I’m pretty much done with kickstarter now. When I heard that Camelot unchained got 2 million on kickstarter it made me sad (see here: http://mmo-play.com/mmo-blog/camelot-unchained-raises-2-million-on-kickstarter )

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5. Wilhelm Arcturus - June 28, 2013

@Ben Corroon – It made you sad because that wasn’t enough, because that was too much, or because you needed some excuse to inject a link to another site into my comment thread in an attempt to use it as an advertising medium?

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6. Ben Corroon - June 28, 2013

Because I don’t feel like people should be giving 2 million into a project they don’t know enough about yet.

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7. Ben Corroon - June 28, 2013

I mean look how the Ouya turned out……

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8. Ben Corroon - June 28, 2013

I wish I’d typed everything into one comment instead of several – sorry – but I think I want to elaborate.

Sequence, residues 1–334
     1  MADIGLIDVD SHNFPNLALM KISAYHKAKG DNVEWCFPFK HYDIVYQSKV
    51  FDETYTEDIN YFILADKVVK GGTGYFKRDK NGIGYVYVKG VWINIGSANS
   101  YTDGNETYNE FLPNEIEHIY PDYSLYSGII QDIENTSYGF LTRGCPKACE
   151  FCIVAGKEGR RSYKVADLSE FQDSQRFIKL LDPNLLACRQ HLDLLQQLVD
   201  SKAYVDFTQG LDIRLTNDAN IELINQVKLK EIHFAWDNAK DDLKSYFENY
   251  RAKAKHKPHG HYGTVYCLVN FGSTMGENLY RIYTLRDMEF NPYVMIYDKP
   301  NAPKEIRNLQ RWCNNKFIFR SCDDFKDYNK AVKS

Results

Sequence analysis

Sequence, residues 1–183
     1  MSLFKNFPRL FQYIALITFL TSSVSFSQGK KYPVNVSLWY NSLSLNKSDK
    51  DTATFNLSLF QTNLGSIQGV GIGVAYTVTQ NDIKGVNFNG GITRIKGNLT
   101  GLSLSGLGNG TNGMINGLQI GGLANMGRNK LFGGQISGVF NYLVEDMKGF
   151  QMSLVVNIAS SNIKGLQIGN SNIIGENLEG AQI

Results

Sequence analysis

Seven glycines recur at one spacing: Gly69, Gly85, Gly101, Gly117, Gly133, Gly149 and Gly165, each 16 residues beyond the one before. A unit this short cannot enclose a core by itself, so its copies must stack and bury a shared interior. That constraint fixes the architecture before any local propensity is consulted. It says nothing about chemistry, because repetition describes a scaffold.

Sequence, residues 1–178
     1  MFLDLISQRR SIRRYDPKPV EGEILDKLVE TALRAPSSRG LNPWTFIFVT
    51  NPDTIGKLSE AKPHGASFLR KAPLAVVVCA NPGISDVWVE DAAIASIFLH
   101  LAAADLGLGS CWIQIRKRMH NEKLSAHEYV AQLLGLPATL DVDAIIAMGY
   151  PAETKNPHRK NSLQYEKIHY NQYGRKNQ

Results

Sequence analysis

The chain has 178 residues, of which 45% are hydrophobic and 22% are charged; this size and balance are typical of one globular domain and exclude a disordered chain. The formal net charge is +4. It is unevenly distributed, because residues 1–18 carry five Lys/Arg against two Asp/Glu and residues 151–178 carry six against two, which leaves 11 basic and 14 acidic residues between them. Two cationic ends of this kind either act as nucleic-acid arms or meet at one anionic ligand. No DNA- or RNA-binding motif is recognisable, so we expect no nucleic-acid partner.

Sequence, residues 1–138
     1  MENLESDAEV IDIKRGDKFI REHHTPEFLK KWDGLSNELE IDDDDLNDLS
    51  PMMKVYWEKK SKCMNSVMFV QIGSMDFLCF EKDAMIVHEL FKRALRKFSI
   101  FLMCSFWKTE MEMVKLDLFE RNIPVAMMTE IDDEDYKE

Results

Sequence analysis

People are giving money to an idea – with practically NO idea how it’s going to turn out. I understand the benefit to Indie developers but do they deserve the money that’s being pledged? Not really.

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9. Wilhelm Arcturus - June 28, 2013

@Ben Corroon – Certainly you should view any Kickstarter with a skeptical eye. I have seen a fair share of them that are clearly over promising.

I certainly wasn’t going to put in any money for the Ouya. On the flip side, I think it is still early to declare it a failure. It is a pretty ambitious project and any real measure of success as a platform will first require early adopters to create things for it to make it interesting to the wider public.

And there have been some projects where an over abundance of success has caused an unexpected burden. Steve Jackson Games got way more money for its O.G.R.E. Designers Edition than they expected, which has delayed the project because team felt they had to give people something for that money rather than just keeping the excess.